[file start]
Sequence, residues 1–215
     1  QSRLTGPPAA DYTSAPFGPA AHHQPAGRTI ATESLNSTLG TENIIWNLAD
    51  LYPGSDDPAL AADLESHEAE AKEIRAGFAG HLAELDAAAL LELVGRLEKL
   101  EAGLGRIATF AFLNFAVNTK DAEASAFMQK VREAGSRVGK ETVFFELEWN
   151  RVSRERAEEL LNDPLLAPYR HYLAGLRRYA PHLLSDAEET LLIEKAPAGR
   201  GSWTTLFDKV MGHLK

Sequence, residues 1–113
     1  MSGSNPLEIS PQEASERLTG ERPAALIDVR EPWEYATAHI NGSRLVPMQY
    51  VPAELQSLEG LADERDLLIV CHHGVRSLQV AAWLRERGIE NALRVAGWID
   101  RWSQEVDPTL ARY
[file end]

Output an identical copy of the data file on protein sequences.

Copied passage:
Sequence, residues 1–215
     1  QSRLTGPPAA DYTSAPFGPA AHHQPAGRTI ATESLNSTLG TENIIWNLAD
    51  LYPGSDDPAL AADLESHEAE AKEIRAGFAG HLAELDAAAL LELVGRLEKL
   101  EAGLGRIATF AFLNFAVNTK DAEASAFMQK VREAGSRVGK ETVFFELEWN
   151  RVSRERAEEL LNDPLLAPYR HYLAGLRRYA PHLLSDAEET LLIEKAPAGR
   201  GSWTTLFDKV MGHLK

Sequence, residues 1–113
     1  MSGSNPLEIS PQEASERLTG ERPAALIDVR EPWEYATAHI NGSRLVPMQY
    51  VPAELQSLEG LADERDLLIV CHHGVRSLQV AAWLRERGIE NALRVAGWID
   101  RWSQEVDPTL ARY